Why does the Trussell Trust work with supermarkets?

Share this:

We work with food banks in thousands of communities across the UK – all providing vital help to people who would otherwise face hunger. No one should need a food bank, but while the rising tides of poverty continue to sweep people away, we will work with food banks to ensure people who need help can access emergency food and practical, compassionate support.

In order to provide that help while it’s needed, food banks need food donations. Many groups, including schools, churches, local businesses and other community groups, support their local food bank to ensure help is there for local people. We know individuals also want to make a difference in their community, and donating in a supermarket while doing a shop is one of the quickest, easiest ways for people to help.

By partnering with supermarkets at a national level, we’re able to harness more support for individual food banks at a local level while also raising awareness of our work to ensure the best possible help is available to people referred to a food bank. For example, where supermarket stores have permanent boxes installed, their customers can donate regularly, ensuring there’s a continual stream and variety of donated food to food banks in the network;  and the grants available to food banks thanks to our work with Asda have helped ensure the right help is there at the right time, by funding things like welfare advisors to sit in food bank centres and support people at the point of crisis.

Our work with supermarkets goes beyond practical support for people at food banks though.  We’ll always work to ensure that through our partnerships people referred to food banks are given the best possible support while that help is needed, but we will never compromise our mission to end the need for food banks.

Everything we do is underpinned by our work to challenge the structural issues that lock people into poverty. For example our partnership with Asda has already funded the first phase of State of Hunger, the most in-depth research to date into hunger in the UK. This research will act as a benchmark not just for us, but for government and wider society to better understand the structural issues that sweep so many people into poverty and destitution.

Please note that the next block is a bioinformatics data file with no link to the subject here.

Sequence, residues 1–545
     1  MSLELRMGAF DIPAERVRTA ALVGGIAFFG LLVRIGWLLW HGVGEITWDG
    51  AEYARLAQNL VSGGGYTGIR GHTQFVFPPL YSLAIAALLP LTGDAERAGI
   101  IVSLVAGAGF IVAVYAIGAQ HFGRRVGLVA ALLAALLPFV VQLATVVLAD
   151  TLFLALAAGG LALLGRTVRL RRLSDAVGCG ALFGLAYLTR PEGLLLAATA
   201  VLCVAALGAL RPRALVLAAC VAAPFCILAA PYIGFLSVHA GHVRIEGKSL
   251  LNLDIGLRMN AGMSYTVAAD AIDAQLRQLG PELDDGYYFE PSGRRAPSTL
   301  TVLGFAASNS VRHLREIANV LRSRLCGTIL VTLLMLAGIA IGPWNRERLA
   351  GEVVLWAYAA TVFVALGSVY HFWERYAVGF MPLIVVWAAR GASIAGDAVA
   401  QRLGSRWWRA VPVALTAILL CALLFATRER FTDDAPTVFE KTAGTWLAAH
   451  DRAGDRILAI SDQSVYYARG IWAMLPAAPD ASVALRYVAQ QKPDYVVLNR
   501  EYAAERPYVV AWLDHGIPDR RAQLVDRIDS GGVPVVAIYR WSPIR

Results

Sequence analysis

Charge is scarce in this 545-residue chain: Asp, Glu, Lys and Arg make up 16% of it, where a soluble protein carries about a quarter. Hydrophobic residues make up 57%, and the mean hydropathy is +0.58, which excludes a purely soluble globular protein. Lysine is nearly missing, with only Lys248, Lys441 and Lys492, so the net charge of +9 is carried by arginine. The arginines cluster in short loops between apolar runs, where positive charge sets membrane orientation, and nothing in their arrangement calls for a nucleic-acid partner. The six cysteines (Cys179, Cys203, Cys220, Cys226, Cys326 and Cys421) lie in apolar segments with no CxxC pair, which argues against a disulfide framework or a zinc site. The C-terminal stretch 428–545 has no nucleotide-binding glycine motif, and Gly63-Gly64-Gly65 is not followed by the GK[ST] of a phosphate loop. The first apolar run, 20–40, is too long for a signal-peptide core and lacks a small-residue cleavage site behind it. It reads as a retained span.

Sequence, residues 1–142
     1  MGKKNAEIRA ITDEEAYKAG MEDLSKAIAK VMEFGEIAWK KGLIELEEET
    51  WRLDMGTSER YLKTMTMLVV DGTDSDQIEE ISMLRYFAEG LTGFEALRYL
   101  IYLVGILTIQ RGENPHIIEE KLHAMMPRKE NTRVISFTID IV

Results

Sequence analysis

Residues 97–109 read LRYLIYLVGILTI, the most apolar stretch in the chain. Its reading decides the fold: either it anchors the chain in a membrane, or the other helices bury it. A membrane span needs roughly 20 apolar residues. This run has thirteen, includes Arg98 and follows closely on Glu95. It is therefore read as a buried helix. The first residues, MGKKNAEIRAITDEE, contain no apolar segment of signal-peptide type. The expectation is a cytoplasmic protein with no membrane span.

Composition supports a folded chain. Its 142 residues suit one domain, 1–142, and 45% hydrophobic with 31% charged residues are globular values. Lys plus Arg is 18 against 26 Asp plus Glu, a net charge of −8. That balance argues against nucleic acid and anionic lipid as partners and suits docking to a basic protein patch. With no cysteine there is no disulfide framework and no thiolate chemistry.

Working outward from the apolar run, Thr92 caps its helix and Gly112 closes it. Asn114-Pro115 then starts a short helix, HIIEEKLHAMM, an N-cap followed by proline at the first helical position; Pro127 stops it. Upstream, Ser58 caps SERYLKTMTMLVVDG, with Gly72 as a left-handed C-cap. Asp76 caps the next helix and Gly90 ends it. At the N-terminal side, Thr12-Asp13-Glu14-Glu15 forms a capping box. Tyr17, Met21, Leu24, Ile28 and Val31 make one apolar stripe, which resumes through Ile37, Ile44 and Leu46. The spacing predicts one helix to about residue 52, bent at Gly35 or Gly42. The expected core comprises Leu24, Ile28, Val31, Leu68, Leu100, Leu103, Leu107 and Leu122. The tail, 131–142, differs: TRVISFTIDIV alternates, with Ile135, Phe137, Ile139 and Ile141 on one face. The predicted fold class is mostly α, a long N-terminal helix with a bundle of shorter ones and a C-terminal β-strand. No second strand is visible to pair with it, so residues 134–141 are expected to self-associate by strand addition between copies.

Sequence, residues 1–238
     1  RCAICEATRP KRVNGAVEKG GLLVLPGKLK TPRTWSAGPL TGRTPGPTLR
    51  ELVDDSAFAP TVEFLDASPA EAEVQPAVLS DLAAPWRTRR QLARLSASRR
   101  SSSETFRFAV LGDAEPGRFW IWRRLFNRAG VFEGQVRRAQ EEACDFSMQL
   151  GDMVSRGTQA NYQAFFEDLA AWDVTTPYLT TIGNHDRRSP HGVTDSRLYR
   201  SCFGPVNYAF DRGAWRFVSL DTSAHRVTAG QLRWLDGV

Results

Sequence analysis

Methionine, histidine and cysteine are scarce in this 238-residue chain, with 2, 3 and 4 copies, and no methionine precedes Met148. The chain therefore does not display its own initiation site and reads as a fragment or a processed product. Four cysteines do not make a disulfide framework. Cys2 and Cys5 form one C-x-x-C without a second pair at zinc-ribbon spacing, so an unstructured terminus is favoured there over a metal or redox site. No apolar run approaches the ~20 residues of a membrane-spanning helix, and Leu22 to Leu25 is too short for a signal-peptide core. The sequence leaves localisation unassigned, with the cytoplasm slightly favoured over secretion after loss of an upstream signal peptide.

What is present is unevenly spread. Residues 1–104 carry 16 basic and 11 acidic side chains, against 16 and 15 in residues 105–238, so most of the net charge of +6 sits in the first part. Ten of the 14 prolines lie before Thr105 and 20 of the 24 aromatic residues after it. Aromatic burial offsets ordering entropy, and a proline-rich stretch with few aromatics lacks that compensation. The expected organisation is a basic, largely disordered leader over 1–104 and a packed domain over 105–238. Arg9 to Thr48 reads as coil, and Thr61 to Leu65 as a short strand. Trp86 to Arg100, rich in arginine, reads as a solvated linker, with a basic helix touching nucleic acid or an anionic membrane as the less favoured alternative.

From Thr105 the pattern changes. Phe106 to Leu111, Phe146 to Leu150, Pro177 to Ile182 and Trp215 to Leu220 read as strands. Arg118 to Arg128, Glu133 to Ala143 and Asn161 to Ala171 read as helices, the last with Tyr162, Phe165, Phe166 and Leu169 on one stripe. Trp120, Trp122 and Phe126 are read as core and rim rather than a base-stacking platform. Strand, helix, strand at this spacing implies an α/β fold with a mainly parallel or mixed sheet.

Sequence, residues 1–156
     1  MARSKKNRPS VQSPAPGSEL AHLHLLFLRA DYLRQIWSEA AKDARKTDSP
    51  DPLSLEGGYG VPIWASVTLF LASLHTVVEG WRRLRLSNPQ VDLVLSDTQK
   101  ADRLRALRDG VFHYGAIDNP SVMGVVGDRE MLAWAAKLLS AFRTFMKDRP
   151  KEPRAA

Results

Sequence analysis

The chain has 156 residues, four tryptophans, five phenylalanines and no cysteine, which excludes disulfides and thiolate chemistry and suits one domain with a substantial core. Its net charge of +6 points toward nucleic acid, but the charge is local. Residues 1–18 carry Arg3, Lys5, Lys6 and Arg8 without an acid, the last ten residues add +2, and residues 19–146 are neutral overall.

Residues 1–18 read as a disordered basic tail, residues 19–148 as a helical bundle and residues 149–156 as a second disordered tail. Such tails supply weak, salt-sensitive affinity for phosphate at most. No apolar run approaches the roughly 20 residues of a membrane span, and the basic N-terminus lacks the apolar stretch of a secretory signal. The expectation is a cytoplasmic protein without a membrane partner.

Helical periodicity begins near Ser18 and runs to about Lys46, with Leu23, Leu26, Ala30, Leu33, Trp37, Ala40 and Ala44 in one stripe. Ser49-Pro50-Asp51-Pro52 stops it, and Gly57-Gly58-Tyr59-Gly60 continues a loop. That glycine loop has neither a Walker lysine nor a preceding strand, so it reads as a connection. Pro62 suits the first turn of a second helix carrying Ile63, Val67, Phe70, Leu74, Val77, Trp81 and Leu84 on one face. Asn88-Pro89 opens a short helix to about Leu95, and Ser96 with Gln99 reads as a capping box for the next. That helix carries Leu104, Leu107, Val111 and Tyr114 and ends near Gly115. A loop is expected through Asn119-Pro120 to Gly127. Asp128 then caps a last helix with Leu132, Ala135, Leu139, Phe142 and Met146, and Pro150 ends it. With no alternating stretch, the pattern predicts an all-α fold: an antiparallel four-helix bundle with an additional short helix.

We think it’s important to be able to sit around a table with all of our partners, whether they’re a supermarket or another business, and have frank conversations driven by data and insight from our network about why people need food banks and how we can all work together to bring about change.

We know that most people (86%) forced to use a food bank are not in-work. However, we also have a duty to people who are in-work and struggling to afford the basics to understand what is driving the need for a food bank. We’re currently developing our work in this area, with the help of other charities that have more experience working with the private sector to prevent people from being locked into poverty.

We’ll be sharing our data with an expert charity partner to look into why working people need food banks – and then we’ll be drawing on their know-how to talk with government, businesses and communities about why people need food banks, and how we can work together to change things for the better.

There’s a part for everyone to play so we can reach a future without the need for food banks: government, communities and businesses all need to be working towards a future where everyone has enough money for a decent standard of living if we’re going to get there.

It’s not right that 1.6 million emergency food parcels were given to people by food banks in our network last year. We know this can change – but we need everyone to play their part.